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    The literary devices in Emily Dickinson’s “There is no Frigate like a Book”

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    Emily Dickinson uses several literary devices in this poem to give it form and meaning. A few important literary devices Dickinson uses in “There is no Frigate like a Book” are simile, overstatement, imagery, and connotation. First, Dickinson uses the literary devices simile and overstatement. The similes Dickinson uses help the reader better understand what she was thinking when she was choosing her words for the poem. The words “Frigate like a Book” (1) help the reader understand that a book, though small in size, is capable or delivering vast amounts of knowledge.

    Since one does not usually move anywhere while he or she reads a book, the statement “Coursers like a Page” (3) helps the reader understand that a page in a book or poem actually moves one along mentally. Next, the overstatements in Dickinson’s poem are important literary devices. In the overstatement “To take us Lands away” (2), Dickinson does not actually mean that a book carries one to another place as a vehicle does.

    The overstatement is actually referring to the way one’s mind imagines being in a different place when reading a book. Second, the imagery Dickinson uses in “There is no Firgate like a Book” is an important literary device. Imagery, while connecting with one’s senses, helps the reader grasp more feeling about what he or she is reading. For example, Dickinson’s words “Coursers like a Page” (3) help the reader feel that he or she is actually moving with the pages in a book or poem.

    In another example, the words “prancing Poetry” (4) help the reader imagine himself dancing and jumping through each line of the poetry he reads. Also, imagery helps the reader to imagine himself in certain situations. Also, one can imagine a scene better when he can visualize his surroundings. For these reasons, the imagery Dickinson uses in “There is no Frigate like a Book” is important. Finally, the connotations Dickinson uses in “There is no Frigate like a Book” is important.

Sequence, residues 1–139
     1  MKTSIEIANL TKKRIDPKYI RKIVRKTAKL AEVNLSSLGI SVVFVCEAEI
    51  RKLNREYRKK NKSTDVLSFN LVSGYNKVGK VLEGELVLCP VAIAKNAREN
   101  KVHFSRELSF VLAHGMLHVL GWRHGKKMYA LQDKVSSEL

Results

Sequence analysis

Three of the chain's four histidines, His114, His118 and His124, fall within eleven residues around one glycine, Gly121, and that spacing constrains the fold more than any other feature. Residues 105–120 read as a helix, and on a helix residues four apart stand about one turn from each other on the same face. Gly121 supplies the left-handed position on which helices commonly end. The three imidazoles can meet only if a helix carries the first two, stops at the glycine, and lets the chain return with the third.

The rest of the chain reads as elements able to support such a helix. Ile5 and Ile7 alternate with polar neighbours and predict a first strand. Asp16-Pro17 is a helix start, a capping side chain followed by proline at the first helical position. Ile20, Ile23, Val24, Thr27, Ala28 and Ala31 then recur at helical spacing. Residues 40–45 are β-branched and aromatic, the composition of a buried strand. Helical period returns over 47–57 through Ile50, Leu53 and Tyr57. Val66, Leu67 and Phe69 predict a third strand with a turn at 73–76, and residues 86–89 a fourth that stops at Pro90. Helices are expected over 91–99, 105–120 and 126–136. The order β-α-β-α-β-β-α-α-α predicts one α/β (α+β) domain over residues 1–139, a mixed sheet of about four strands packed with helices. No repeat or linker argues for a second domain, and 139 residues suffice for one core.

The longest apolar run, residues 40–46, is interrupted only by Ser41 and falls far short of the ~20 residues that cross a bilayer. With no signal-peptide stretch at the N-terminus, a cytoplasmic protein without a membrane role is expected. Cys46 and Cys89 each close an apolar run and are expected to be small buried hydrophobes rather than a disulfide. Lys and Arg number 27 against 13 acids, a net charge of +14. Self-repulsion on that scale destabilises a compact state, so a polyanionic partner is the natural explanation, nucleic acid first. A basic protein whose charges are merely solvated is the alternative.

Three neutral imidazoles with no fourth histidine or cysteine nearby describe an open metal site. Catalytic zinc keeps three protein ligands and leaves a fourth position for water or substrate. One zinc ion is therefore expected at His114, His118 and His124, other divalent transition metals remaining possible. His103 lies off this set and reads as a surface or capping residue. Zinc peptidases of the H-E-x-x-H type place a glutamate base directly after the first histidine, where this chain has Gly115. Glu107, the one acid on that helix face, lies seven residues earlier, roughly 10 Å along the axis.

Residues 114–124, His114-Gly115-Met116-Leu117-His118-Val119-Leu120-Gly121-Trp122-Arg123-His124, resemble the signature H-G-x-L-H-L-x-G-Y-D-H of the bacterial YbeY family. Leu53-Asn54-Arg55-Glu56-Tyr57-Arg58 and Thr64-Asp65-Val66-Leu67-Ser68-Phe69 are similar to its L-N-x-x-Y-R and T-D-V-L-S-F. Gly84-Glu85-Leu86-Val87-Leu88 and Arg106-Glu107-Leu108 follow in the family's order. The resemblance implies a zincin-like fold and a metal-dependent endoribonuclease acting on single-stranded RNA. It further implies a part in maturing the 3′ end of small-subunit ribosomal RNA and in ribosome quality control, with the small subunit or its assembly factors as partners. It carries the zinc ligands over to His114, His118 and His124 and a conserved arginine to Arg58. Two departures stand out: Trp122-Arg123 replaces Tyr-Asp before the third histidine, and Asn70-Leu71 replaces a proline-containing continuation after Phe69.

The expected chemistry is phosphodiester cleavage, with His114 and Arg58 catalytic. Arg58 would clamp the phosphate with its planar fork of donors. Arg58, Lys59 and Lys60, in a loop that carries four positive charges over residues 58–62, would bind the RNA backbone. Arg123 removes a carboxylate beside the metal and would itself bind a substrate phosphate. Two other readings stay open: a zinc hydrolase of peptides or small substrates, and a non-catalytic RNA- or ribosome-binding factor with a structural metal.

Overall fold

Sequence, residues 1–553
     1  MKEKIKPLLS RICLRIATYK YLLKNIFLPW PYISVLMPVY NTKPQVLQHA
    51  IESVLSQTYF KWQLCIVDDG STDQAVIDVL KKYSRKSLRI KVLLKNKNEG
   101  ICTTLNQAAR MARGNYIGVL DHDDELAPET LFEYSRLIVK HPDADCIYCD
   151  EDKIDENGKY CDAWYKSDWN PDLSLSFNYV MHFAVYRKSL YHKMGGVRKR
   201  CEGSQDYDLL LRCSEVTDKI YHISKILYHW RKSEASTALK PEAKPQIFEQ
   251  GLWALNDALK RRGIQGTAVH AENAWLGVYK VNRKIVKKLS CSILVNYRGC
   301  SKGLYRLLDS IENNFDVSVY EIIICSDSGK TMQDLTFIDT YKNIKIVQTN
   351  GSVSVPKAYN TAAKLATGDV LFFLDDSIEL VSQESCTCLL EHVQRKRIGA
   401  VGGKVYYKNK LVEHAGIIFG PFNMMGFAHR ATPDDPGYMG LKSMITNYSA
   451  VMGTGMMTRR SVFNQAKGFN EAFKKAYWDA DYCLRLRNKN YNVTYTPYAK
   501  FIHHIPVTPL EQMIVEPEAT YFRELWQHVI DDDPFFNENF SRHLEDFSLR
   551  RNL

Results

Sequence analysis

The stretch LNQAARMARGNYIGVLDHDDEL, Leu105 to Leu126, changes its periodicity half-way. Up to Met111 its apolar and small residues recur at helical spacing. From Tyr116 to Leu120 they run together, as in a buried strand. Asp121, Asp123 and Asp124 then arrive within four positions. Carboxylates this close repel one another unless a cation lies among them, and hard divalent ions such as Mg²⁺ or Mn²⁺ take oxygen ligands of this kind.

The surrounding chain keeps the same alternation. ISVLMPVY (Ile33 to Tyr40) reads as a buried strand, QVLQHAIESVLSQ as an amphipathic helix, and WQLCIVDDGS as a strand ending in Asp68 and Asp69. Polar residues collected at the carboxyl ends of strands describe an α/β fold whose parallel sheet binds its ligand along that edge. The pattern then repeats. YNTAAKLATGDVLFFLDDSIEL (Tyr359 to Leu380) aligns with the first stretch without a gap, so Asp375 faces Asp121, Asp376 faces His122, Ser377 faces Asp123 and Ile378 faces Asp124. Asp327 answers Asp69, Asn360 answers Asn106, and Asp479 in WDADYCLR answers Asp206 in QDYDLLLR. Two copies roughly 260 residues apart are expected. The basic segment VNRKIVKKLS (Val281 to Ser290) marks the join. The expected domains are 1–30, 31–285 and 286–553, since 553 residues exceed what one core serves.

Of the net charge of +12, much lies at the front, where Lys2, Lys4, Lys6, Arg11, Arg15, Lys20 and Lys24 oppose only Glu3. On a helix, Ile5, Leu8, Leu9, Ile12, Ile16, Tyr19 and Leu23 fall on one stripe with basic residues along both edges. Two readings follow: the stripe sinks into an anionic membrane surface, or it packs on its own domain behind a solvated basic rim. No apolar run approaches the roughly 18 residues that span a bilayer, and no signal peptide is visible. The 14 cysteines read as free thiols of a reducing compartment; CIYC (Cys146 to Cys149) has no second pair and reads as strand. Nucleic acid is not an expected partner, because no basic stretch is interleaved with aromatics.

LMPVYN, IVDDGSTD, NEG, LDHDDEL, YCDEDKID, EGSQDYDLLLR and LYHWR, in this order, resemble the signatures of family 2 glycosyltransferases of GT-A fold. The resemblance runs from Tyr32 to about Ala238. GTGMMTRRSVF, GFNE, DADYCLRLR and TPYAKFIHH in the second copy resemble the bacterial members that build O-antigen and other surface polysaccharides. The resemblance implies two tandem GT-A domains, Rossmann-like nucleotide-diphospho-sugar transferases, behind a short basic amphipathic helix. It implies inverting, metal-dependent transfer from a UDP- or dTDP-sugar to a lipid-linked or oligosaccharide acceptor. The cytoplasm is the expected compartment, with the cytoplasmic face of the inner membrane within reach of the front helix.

When Dickinson writes, “Frigate like a Book” (1), she is actually telling the reader that a book is an enormous transportation vessel, and that it is capable of moving information into the human mind the same way a giant ship transports people and goods across vast oceans. Next, Dickinson chooses to paint a certain picture in her reader’s head. For instance, she writes, “How frugal is the Chariot” (7) to suggest that a book is a cheap way to move one’s body to another place.

    Dickinson uses literary devices such as simile, overstatement, imagery, and connotation in her poem “There is no Frigate like a Book. ” She uses similes and overstatement to give her reader a better understanding of what she was thinking when she wrote. Dickinson uses imagery to help the reader imagine how important a book can be. She uses connotations to make sure the reader understands that a book has much value to its reader. Dickinson carefully uses literary devices so the reader will understand what she means when she writes.

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    The literary devices in Emily Dickinson’s “There is no Frigate like a Book”. (2018, Mar 06). Retrieved from

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